As we’ve mentioned before, CDR Link adheres to the Unix-like philosophy of utilizing an ecosystem of small, repurpose-able programs that handle discreet tasks well, rather than producing one monolithic thing that does many things badly.
In software, the gold standard of this philosophy is the Debian project, in which thousands of volunteers maintain small programs that, in the aggregate, combine to form the Debian (GNU-Linux) operating system. If these volunteers worked to produce a single “blob” of a operating system, like macOS or Windows, that system would be less stable, less secure, and less flexible.
CDR Link isn’t Debian, but we strive to apply the same philosophy. Rather than attempting to build a single platform that does everything we could possibly want (secure ticketing, constituent relations management, end-to-end encryption, malware analysis), we’re focusing on extensability. For example, Zammad, our core ticketing platform, is an open-source project developed by a robust community of staff and volunteers. It’s already incredibly extensible, both in what it offers and the ways that outside platforms and projects can plug in. While we would like some of our work – namely, our Signal and WhatsApp extensions – to be merged upstream into the main Zammad codebase, we also recognize that other parts of the CDR Link ecosystem should exist separately from core platforms like Zammad and MISP.
This is where the “Leafcutter” project comes in. As we continue to extend Zammad with more secure points of entry, we also need to build pipelines that move data in and out of tickets so that it can be better analyzed, combined with other data sets, and shared within a trusted community. These pipes could be part of Zammad proper, or MISP proper, but we think the value is in building them as small, standalone programs that help integrate Link’s constituent parts.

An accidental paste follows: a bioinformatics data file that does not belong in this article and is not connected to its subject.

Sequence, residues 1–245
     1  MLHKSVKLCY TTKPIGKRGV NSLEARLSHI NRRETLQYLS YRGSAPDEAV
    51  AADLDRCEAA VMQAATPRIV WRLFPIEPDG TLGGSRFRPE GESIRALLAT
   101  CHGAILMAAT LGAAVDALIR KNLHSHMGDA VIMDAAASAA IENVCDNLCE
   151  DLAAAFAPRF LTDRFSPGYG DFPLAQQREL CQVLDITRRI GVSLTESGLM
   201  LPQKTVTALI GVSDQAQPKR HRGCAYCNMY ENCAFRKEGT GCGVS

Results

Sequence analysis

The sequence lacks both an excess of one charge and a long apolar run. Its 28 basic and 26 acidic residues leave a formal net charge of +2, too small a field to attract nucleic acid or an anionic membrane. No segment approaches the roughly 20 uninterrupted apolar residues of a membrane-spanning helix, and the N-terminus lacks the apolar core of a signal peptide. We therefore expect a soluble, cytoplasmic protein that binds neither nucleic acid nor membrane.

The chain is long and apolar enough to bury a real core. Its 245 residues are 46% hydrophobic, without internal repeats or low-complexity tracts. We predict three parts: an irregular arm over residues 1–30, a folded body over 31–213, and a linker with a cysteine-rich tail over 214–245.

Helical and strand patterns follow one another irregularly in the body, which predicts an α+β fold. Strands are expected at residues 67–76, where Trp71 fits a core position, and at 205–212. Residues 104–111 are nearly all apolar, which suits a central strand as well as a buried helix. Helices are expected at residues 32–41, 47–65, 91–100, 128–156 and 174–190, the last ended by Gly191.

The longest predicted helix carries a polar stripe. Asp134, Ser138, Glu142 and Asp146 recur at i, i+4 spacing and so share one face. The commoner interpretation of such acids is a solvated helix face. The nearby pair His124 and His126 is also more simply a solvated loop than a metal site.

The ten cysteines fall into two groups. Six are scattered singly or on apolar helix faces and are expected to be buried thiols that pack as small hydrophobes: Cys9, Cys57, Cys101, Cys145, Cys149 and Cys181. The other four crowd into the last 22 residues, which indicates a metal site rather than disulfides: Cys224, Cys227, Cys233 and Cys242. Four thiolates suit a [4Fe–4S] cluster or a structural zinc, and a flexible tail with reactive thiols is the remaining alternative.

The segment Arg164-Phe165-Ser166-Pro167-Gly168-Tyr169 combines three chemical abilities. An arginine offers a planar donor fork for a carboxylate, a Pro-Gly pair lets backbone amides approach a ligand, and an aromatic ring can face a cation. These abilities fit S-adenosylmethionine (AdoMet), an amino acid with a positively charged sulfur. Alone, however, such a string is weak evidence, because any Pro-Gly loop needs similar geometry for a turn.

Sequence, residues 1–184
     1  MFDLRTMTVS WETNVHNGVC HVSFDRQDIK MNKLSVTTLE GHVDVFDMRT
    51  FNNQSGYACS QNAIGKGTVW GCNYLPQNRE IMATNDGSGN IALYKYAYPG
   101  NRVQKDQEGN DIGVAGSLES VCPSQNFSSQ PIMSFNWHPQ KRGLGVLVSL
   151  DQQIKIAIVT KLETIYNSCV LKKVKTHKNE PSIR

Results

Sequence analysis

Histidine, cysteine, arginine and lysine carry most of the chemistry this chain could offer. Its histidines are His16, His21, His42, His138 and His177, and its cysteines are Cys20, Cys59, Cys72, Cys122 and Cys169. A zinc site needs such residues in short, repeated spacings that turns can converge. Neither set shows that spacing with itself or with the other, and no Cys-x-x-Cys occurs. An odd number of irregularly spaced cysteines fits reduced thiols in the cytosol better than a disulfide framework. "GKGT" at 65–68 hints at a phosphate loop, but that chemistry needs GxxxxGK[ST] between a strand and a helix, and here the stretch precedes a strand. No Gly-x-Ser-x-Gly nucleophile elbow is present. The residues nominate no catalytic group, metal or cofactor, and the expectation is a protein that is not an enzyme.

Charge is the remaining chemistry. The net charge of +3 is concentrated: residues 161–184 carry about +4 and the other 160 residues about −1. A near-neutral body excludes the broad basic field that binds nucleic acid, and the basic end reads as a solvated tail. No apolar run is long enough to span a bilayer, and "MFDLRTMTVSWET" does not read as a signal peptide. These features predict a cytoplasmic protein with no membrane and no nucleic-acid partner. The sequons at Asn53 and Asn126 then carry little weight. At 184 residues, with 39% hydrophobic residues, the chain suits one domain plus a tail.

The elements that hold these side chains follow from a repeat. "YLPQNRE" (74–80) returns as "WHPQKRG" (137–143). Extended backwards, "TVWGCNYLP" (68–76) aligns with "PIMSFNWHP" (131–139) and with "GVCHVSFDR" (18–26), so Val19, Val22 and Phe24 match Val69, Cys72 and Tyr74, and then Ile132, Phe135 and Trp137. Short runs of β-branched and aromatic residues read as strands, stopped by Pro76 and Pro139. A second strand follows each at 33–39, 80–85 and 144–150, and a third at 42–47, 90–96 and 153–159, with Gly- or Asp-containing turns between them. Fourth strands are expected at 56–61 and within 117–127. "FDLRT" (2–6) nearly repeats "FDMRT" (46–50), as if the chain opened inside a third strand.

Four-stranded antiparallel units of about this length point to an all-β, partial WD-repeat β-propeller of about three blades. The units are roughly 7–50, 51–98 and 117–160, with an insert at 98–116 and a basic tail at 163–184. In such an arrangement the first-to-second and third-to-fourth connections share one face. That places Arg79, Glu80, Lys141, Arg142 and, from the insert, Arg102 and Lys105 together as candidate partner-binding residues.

Enough with the concept. Here’s what we’ve developed thus far:
- Sigarillo, to enable end-to-end encrypted ticket creation and communications via Signal
- Grabadora, to enable voicemail recordings (over regular voice connections) and, eventually, voicemail transcriptions and translations
- QuePasa, to enable end-to-end encrypted ticket creation and communications via Signal (coming soon)
Meanwhile, on the Leafcutter front, we’ll be developing extensions that:
- Submit Zammad ticket data into MISP
- Integrate into MISP third-party datasets detailing malware attacks, network outages, and other threats
- A “usability layer” that makes it easier for users to view, submit, and analyze MISP data
If you have an idea for ways to extend the CDR Link ecosystem get in touch at [email protected].